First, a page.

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Original Article - Year2011 - Volume26 - Issue 1

ABSTRACT

Introduction: Unilateral coronal craniosynostosis (UCC) is the unilateral premature ossification of the coronal suture, leading to a 3-dimensional deformity that may affect the skull and orbits. Objective: The purpose of this study was to measure and compare the craniofacial asymmetry of patients with UCC in the preoperative and postoperative periods to assess the effectiveness of surgical UCC correction. Methods: Nine patients (4 girls and 5 boys) underwent surgical correction of UCC between January 2007 and December 2010. Their craniofacial dimensions were measured with a goniometer to calculate the craniofacial asymmetry index (CAI) in the preoperative and postoperative periods, and the CAI averages of the periods were compared. The CAI was calculated as the ratio of the craniofacial diagonal measurements of the unaffected side to those of the affected side. Results: The mean patient age was 2 years 1 month. The average surgical time was 2 h 46 min. The average volume of transfused blood was 280 ml. The preoperative and postoperative CAI averages were 1.045 and 1.009, respectively (p=0.0109), indicating a strong tendency for symmetry after the surgery. Conclusion: Surgical UCC correction is effective for achieving craniofacial symmetry. Overcorrection of the bony structures is required to obtain bone symmetry postoperatively.

Keywords: Craniosynostoses. Plagiocephaly. Craniofacial abnormalities.

RESUMO

Introdução: A craniossinostose coronal unilateral (CCU) é a ossificação prematura da sutura coronal unilateralmente e provoca uma deformidade em 3 dimensões, que pode afetar o crânio e as órbitas. O objetivo do presente trabalho foi aferir e comparar a assimetria do crânio e face dos pacientes portadores de CCU no período pré e pós-operatório. Método: Nove pacientes foram submetidos à correção da craniossinostose coronal unilateral, entre janeiro de 2007 a dezembro de 2010. Quatro pacientes foram do sexo feminino e cinco do sexo masculino. Foram aferidas medidas da região craniofacial para quantificar o índice de assimetria craniofacial no período pré-operatório e compará-lo com o período pósoperatório. O índice de assimetria craniofacial (IAC) foi determinado pela diferença entre as medidas craniofaciais diagonais obtidas com o goniômetro. Resultados: A idade média dos pacientes submetidos à correção de CCU foi de 2 anos e 1 mês. O tempo médio de cirurgia foi de 2 horas e 46 minutos. O volume médio de sangue transfundido foi de 280 ml. A média das diferenças das medidas diagonais obtidas com o goniômetro no período pré-operatório (IAC) foi de 1,045 e do pós-operatório de 1,009 (p=0,0109), indicando forte tendência à simetria craniofacial após o ato cirúrgico. Conclusão: O tratamento proposto para as CCU foi eficiente na obtenção de simetria craniofacial. Foi necessária a sobrecorreção das estruturas ósseas para obtenção de simetria óssea no período pós-operatório.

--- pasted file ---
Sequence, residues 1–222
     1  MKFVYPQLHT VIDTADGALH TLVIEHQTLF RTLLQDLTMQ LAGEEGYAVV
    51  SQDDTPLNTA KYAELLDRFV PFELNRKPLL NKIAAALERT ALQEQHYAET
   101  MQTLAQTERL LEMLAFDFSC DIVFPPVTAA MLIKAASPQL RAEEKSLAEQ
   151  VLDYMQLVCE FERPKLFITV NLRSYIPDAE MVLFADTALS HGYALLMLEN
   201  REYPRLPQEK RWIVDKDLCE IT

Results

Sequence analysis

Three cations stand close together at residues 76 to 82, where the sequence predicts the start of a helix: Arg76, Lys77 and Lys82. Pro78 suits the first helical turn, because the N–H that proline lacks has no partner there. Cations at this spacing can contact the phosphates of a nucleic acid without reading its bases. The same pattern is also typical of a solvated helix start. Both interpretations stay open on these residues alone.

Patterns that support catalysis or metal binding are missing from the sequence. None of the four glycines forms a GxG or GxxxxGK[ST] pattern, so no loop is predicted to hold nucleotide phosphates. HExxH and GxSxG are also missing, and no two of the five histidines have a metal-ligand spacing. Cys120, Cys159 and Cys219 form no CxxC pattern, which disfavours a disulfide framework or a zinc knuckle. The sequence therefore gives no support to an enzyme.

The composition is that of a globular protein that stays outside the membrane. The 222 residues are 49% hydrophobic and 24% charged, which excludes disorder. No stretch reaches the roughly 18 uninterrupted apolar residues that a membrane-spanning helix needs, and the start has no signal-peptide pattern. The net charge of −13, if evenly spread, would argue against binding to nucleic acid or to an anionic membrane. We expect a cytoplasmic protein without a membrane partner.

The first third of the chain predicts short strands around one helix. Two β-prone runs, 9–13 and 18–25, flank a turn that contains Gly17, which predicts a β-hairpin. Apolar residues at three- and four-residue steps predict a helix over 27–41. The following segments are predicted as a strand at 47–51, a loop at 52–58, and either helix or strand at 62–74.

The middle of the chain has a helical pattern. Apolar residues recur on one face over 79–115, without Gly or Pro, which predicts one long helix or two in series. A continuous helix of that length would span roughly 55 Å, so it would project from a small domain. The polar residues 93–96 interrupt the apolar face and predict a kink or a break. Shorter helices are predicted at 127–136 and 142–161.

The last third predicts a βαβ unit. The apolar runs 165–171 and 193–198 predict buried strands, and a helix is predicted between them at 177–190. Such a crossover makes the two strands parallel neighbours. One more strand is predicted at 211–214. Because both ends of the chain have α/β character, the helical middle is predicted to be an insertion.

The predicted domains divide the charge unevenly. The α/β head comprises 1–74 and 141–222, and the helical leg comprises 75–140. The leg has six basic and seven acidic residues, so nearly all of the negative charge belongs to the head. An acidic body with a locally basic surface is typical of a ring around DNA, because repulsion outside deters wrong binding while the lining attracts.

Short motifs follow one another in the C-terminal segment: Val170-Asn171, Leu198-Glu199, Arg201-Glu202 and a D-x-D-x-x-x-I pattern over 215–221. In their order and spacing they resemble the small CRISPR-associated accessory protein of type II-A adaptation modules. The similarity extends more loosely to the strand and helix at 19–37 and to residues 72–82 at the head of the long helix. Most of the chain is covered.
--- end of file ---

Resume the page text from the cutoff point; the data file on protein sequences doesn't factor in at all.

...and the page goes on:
Palavras-chave: Craniossinostoses. Plagiocefalia. Anormalidades craniofaciais.


INTRODUCTION

Craniosynostosis is the premature fusion of one or more sutures of the cranial vault and its associated cranial deformities. The pattern of skull deformities is peculiar to the fused suture (metopic, coronal, sagittal, and lambdoid). Unilateral coronal craniosynostosis (UCC) is the premature fusion of the coronal suture. Its incidence is approximately 1 in 10,000 live births, and it has been described as the second most frequently identified synostosis in specialized centers for the treatment of craniofacial deformities1.

The vast majority of patients with UCC typically present morphological changes of the cranial vault due to a compensatory mechanism of brain growth (Virchow's law), usually toward the open sutures, which causes a 3-dimensional deformity. This situation leads to considerable deviation of the sagittal axis of the skull base, observed during physical examination through the discrepant position of the ears (the affected side is positioned higher and forward), deviation of the nasal root to the affected side, and deviation of the nasal tip to the opposite side. The frontoparietal region ipsilateral to the affected suture is depressed, leading to a compensatory contralateral hump. The eyebrow position is always higher on the affected side. The mentonian region is deviated to the contralateral side. The zygomaticomaxillary region may be more anteriorly positioned in relation to the contralateral side, following the 3-dimensional rotation of the skull base2,3.